Tuesday, 23 June 2015

One Sunday in London

One Sunday in London

by Mark Sadler

In the doldrums of
a June weekend
I spied through the
stretched-out dregs
of a foamy lace-work
clinging to the interior of a pint glass,
the remnants of a Sunday carvery -
a slender side of beef
too narrow to stand upright,
it's rough-hewn upturned face
a sunburned pink
with the texture of abraded rope.

The landlord, who had a
predilection for fanciful re-tellings
of London history,
that elbow-nudged his establishment
towards the centre of things,
was idly boasting
to a foreign tourist
drinking at the bar:
This is the oldest pub in the city.”

(This happens concurrently at multiple locations across the capital)

Miles away,
unnoticed by the endless footfall
on the Charing Cross Road,
a tarred shadow, infused with the totality
of night that has steeped for hours
in its own fermenting darkness,
was leaking from the black-washed walls
of a guitar shop
out through the open doorway
where it obliterated
the pale mid-afternoon shade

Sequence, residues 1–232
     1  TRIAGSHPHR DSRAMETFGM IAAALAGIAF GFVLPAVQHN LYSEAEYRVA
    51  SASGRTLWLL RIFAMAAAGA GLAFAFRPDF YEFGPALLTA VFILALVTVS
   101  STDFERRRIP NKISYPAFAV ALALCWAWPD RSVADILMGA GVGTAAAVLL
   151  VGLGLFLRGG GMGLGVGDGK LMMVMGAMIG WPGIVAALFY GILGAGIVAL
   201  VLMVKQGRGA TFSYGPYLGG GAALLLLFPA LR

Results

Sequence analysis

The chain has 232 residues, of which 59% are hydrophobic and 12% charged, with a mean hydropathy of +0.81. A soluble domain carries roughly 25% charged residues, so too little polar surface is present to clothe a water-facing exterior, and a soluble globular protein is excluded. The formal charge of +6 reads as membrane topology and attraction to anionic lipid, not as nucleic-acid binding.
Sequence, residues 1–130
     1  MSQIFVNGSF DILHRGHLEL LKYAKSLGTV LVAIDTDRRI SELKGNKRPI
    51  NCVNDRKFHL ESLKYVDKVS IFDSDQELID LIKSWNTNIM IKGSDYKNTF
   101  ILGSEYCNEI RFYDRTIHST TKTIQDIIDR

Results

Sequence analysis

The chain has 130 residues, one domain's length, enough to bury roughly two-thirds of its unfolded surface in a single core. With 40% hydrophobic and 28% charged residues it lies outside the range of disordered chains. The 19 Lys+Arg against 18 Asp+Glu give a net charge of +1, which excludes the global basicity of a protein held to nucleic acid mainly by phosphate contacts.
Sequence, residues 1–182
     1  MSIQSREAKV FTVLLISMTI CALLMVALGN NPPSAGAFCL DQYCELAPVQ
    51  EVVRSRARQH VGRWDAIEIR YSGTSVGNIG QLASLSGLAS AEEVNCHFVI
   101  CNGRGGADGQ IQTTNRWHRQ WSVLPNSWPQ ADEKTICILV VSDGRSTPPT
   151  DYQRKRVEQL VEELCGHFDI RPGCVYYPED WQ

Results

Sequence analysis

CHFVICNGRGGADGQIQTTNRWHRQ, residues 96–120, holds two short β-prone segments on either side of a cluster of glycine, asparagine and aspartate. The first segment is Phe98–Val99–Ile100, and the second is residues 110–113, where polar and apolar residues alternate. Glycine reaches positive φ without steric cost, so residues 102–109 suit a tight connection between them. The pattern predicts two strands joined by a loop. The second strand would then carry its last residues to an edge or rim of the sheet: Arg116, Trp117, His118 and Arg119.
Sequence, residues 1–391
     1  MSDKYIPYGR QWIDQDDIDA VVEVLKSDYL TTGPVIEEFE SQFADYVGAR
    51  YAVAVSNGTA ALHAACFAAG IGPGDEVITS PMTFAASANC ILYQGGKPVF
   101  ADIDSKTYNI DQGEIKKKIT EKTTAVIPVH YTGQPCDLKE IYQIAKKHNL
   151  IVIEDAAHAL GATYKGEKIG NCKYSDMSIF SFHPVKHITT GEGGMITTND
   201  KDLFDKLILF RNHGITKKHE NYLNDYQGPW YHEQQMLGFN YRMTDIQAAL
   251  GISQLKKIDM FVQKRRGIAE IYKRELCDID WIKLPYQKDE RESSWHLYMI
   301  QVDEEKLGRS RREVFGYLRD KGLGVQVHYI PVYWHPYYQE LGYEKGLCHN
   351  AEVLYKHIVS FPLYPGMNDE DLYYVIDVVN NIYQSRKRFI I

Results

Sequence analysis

that laid delicate, faint overlapping patterns
of roving legs and static street furniture
onto the paving slabs.

In the square mile
the mirror glass of the tall buildings
captured blurry fragments of the surrounding skyline
as indistinct as the outline of a distant
hedgerow draped in morning fog

and the open columned steeple
of a city church put stone bars
across a rectangle of blue sky

and on the cornice stones of bridges
small trees slanted towards
the nearest unobstructed source of light;
scouted out small speculative territories;
poised to reclaim the city.

Far away
at the Southernmost
extremities of the Northern Line
a man reached from his
hospice bed to brush
the white-washed wallpaper
of an unfamiliar room
with his finger tips
as if the embossed pattern
were Braille

The randomness of
the bumpy texture
matched perfectly
the shifting patterns
of small wavelets
on the choppy surface
of the river Thames.

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